Theravada

The "Teaching of the Elders," rooted in the earliest complete teachings of the Buddha
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    Honoring Contentment Paid Member

  • The Dharma and the Artist's Eye Paid Member

    To consider oneself a Buddhist, says His Holiness the Dalai Lama, one must embrace the four noble truths expounded two and a half millennia ago by Shakyamuni Buddha during his 45 years as a teacher of the dharma. Regardless of one's lineage or tradition, these truths state that (1) there is suffering; (2) the cause of suffering is thirst (trishna), which most commentators interpret as being selfish desire; (3) there is a way to end suffering; and (4) that way is the eightfold path (arya astanga marga). Of the eight steps on this path, the one to which the others build and in which they triumphantly culminate is right mindfulness (samyak smrti). It is the root and fruit of all Buddhist practice.  More »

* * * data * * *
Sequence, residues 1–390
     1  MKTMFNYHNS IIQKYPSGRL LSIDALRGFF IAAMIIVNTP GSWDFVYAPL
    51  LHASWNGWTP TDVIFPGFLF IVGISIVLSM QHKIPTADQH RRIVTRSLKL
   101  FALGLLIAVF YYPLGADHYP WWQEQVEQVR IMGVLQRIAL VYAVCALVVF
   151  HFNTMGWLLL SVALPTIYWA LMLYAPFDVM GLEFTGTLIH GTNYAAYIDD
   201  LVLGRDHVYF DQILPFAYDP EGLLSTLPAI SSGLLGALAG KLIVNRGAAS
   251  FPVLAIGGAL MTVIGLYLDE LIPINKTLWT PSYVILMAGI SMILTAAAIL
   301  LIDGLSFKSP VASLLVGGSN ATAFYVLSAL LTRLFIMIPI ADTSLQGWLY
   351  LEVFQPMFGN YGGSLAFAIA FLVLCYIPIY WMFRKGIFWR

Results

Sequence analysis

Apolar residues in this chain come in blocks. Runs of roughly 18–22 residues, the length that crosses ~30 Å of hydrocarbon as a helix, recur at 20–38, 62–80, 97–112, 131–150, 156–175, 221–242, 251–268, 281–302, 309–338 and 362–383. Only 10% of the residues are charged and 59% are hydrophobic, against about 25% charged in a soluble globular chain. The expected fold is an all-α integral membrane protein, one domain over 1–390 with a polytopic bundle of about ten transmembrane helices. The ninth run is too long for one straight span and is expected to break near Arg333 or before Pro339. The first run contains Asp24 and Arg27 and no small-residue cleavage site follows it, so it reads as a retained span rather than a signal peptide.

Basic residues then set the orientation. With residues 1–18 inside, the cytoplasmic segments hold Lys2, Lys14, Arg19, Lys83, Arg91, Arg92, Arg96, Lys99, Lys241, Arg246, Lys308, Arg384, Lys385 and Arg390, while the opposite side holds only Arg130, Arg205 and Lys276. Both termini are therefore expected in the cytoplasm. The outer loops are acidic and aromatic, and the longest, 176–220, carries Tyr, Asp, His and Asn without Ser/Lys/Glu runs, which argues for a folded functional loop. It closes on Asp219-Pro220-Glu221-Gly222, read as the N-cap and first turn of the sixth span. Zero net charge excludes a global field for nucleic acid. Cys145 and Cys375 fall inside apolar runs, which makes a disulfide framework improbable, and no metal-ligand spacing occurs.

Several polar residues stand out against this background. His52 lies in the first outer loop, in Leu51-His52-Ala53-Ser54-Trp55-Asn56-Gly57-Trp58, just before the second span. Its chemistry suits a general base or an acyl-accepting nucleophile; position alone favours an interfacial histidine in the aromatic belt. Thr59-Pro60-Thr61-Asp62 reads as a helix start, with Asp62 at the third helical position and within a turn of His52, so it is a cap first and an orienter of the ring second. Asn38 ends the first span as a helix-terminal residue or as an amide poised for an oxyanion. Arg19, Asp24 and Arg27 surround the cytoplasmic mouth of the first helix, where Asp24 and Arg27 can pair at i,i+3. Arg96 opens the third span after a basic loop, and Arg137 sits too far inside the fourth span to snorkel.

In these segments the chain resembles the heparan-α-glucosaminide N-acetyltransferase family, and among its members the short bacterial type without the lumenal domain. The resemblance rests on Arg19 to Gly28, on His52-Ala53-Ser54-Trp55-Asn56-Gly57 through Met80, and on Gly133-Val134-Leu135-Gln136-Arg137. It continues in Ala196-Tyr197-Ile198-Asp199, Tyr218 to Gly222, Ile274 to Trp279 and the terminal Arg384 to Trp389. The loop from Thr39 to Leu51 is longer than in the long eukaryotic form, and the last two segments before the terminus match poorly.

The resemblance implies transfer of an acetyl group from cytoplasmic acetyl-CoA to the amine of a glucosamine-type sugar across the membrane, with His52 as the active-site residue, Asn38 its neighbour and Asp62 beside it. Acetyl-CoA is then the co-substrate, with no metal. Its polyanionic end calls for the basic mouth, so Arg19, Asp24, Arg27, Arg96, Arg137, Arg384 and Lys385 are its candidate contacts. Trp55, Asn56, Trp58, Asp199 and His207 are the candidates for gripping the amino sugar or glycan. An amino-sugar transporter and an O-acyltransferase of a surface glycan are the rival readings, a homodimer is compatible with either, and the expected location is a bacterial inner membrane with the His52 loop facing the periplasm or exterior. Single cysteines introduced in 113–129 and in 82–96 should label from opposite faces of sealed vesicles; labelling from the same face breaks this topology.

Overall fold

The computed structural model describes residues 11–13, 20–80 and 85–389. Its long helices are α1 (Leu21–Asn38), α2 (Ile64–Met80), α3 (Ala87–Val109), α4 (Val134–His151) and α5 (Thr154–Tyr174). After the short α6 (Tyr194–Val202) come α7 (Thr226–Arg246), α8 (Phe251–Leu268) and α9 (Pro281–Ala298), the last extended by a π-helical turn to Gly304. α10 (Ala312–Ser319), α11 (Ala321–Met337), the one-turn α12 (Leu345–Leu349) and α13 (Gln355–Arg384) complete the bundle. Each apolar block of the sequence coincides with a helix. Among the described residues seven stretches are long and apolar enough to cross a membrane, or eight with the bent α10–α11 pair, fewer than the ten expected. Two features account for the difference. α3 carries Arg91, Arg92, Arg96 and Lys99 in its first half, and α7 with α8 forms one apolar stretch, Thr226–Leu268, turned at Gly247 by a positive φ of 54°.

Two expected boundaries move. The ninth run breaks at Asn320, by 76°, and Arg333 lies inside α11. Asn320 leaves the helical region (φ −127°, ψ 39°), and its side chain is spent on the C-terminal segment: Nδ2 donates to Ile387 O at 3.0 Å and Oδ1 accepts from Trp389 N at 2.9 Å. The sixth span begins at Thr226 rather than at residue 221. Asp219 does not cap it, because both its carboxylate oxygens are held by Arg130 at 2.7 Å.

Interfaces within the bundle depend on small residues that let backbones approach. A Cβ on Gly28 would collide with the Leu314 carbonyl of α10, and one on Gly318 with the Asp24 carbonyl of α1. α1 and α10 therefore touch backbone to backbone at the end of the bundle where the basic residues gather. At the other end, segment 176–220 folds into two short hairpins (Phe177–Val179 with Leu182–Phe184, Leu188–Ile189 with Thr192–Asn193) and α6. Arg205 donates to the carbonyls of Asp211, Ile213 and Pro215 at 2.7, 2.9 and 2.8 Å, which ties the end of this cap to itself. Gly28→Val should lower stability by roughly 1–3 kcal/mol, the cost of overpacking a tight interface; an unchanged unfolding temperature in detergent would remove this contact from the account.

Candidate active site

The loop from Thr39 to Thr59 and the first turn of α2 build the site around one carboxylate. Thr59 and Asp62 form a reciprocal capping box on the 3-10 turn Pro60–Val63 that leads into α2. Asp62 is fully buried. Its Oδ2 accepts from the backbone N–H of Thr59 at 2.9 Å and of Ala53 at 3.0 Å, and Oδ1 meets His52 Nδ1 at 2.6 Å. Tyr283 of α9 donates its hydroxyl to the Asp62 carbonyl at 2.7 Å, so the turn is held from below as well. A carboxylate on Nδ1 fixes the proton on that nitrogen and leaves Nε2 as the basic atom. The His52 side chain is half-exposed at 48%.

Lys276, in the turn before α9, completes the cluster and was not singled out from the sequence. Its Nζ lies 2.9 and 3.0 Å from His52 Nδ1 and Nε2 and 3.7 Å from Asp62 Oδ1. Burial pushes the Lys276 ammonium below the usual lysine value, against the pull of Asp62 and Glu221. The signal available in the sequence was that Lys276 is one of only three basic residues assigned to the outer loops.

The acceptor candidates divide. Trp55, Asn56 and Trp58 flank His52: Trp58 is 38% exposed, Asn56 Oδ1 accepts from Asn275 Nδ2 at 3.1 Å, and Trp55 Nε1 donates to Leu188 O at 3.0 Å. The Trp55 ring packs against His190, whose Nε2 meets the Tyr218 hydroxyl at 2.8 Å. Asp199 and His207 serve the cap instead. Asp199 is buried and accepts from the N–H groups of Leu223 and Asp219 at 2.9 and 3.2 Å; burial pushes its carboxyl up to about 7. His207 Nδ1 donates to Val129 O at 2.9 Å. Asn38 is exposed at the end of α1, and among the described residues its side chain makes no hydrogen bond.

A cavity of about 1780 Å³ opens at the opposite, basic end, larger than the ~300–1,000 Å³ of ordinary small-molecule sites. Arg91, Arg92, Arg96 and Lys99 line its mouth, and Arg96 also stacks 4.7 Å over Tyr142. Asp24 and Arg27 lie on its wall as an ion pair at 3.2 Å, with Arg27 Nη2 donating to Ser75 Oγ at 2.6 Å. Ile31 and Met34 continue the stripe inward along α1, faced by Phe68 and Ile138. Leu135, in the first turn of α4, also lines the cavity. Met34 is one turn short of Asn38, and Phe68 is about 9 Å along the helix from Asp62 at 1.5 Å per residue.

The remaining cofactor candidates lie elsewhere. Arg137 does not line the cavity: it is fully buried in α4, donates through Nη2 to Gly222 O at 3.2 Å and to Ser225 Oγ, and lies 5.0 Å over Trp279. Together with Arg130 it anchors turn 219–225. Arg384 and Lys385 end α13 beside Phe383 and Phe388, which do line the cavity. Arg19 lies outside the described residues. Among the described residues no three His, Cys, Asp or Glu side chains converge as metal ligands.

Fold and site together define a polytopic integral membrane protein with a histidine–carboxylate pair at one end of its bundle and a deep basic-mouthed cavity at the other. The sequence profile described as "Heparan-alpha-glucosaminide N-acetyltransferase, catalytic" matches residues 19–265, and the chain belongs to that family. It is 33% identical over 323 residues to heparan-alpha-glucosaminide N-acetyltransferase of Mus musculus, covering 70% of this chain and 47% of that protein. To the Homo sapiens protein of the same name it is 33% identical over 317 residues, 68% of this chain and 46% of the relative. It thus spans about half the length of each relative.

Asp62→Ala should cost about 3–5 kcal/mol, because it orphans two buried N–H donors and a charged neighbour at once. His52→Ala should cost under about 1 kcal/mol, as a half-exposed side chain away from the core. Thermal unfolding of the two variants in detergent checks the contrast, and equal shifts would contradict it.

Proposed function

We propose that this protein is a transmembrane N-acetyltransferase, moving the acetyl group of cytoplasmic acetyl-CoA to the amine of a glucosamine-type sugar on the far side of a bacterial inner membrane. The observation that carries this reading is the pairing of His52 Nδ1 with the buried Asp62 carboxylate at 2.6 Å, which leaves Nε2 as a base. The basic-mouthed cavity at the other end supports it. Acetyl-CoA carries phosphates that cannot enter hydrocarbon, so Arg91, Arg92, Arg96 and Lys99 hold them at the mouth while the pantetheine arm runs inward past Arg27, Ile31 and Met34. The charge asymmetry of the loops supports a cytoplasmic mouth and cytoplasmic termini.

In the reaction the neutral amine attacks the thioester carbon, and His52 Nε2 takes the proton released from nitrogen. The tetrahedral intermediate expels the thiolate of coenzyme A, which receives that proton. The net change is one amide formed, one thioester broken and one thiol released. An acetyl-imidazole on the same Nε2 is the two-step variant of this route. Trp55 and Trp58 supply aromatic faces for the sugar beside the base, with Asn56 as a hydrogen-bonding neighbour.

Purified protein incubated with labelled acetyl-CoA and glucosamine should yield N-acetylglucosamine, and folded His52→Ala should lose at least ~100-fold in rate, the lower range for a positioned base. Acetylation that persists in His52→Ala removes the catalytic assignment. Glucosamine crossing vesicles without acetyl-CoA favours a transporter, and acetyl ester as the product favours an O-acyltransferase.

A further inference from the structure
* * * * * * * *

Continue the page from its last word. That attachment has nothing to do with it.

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    Seeing Things as They Are Paid Member

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    Cultivating the Seven Factors of Enlightenment Paid Member

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    Meeting the Five Hindrances Paid Member

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    Tangled in Thought Paid Member

    Akase padam natthi, samano natthi bahire,  Papancabhirata paja, nippapanca tathagata. There are no footprints in the sky; You won’t find the sage out there. The world delights in conceptual proliferation (papanca). Buddhas delight in the ending of that (nippapanca). Akase padam natthi, samano natthi bahire, Sankhara sassatta natthi, natthi buddhanam injitam. There are no footprints in the sky; You won’t find the sage out there. There are no eternal conditioned things.  Buddhas never waver. More »